Sunday 3 November 2013

Builder's bum or housemaid's knee? by Eve Edwards

This October, the builders of Britain have been issued a challenge by a new health minister, Jane Ellison: they are to shape up, pull up and stop displaying so much cheek, so to speak.  I had to chuckle: a kind of feminist revenge for years of wolf whistling perhaps on Ms Ellison's part?

However, with my History Girl's thinking cap on, it started me wondering about all those sins against posture and more serious ailments that have a profession attached to them.  What happens when the profession no longer exists as a big enough class to have its own illness?  The ailment travels on to find a new host, just like a virus.

Take housemaid's knee - proper name prepatella bursitis.  Wiki tells me it has also been known as nun's knee, coal miner's knee, carpet layer's knee etc etc.  I imagine the predominant term depends on who does what in your area.  I remember that term being used by my grandmother (born 1910).  She was not of the social status to have a maid herself but born in a time when there were plenty around to make it a recognisable tradition.  Mrs So-and-So down the road had 'housemaid's knee'.  We all understood she did not have to be a maid to get it, just to have a dodgy joint.  Go to the GP today and it would seem odd for her to say to you if you had sought advice for the same problem 'oh yes, you've housemaid's knee.'  The condition is moving on to attach to a new profession.

Poor old miners have lots of illnesses named after them.  Pneumoconiosis, miner's lung, is caused by inhaling particles.  This is also sometimes called Potter's rot when the stuff breathed in is silica.  Miner's white finger is caused by vibration from using power tools.  The list goes on. Googling the term, I was interested to find many personal injury firms advertising their services to take on claims.  Clearly there is still enough of a mining heritage in this country to make it a recognisable term but in another few decades, will that too have passed on to a new profession?  Will it become road menders finger or something like that?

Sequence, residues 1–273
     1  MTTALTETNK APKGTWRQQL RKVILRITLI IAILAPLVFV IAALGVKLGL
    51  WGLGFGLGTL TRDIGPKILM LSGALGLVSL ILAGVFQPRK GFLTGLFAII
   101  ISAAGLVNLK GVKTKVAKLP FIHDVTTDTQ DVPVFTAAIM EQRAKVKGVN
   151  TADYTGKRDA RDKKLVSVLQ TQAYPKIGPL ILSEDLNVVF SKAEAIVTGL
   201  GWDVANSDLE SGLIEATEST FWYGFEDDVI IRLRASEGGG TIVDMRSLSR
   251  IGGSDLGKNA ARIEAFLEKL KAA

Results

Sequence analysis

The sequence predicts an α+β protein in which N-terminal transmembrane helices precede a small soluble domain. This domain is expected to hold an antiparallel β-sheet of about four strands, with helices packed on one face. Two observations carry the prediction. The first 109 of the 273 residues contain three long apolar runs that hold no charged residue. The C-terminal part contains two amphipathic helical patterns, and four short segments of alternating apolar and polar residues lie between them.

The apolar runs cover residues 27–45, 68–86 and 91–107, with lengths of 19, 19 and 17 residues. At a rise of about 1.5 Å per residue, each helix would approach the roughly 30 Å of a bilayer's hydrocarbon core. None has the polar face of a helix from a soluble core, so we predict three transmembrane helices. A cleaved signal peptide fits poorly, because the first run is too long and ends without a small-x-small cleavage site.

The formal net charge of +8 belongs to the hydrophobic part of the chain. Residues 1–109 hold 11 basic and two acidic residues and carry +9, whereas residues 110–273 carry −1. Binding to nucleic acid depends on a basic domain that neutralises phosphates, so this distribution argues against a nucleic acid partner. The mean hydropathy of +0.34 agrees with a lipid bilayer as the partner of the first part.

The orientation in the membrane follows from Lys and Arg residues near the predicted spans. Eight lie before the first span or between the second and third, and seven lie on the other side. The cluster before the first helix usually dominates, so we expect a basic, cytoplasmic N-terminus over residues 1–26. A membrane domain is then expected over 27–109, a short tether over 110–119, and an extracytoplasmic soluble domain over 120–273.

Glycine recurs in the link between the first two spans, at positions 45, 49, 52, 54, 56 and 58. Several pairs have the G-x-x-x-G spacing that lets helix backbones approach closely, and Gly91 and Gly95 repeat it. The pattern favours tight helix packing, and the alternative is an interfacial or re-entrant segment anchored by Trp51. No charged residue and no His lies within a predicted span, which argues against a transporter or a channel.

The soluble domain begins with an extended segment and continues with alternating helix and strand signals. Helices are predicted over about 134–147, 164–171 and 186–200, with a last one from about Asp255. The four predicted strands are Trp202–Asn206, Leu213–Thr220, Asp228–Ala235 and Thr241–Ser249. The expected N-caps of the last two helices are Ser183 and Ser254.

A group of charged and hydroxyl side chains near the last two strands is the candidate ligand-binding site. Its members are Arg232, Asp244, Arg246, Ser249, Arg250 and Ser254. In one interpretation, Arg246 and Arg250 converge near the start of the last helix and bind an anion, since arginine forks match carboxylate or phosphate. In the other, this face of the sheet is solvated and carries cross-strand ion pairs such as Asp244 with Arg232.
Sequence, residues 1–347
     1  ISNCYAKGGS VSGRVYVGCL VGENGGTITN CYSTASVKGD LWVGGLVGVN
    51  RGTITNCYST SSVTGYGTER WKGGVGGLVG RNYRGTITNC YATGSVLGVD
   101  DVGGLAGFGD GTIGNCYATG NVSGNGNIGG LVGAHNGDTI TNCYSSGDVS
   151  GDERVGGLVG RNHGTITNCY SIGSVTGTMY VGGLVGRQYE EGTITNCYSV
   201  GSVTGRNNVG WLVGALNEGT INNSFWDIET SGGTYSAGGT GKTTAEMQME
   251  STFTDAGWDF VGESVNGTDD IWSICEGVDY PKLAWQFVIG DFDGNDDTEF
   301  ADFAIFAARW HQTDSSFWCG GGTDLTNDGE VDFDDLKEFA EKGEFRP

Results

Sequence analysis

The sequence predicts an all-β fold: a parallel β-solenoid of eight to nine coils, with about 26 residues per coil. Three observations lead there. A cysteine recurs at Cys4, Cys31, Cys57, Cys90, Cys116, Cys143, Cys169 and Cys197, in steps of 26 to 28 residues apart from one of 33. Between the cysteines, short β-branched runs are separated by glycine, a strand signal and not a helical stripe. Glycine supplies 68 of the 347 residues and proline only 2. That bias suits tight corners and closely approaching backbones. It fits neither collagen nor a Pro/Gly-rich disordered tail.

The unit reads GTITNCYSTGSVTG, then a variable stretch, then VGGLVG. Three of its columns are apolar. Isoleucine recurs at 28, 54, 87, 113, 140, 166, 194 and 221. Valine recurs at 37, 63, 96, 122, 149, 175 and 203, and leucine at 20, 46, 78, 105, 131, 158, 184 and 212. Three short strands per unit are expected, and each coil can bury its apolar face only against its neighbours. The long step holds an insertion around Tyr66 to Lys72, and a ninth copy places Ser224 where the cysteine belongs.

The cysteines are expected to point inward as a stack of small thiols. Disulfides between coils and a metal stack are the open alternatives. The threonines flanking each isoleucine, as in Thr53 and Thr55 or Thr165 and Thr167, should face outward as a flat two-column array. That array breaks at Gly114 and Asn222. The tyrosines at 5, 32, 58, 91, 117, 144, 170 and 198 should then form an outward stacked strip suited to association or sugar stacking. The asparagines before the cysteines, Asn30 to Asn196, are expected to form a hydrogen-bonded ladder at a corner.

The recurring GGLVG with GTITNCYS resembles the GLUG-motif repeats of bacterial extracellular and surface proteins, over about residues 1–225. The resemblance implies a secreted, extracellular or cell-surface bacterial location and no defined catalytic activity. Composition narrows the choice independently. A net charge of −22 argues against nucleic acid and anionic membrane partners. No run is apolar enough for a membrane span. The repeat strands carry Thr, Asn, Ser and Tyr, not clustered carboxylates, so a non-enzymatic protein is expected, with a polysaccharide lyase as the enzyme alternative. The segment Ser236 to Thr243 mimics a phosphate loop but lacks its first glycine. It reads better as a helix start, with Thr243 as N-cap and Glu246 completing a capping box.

For the posher folks there is the refined tennis elbow (inflamed tendons) and golfer's knee (a twisting problem rather than a kneeling one so different from housemaid's).  Odd how illnesses come with social status attached.  Miss Joan Hunter Dunn might have tennis elbow but never miner's lung.

So when setting a novel back in the past, I think it perfectly fair to speculate what earlier times may have called their problems.  Did the Romans have charioteer's back?  Did the Greeks suffer from sculpture's lung?  Were castles of Europe manned by guys complaining of archer's elbow? If you have any real or imagined ailment to add, please do so below.  I've got a little list (note to self: add Executioner's wrist for Tudor stories).

I've spent much of my time with trench foot and shell shock recently so I am sure you know what I have been writing about.



Fourwheeler said...

How about bell-ringers' throat, caused by shouting above the sound of loud bells ringing out in a badly-insulated chamber above the ringing room? (Guess where I'm off to in about five minutes!)

Marjorie said...

*grin* I know several ringers who have had problems with tennis Elbow from ringing.

We don't seem to have acquired any really modern professional ailments yet, do we? Call-centre worker's ear, maybe.

Petrea Burchard said...

Texter fingers.

What a great idea. I'll spend the evening imagining Swordsman's Shoulder and Marcher's Heel.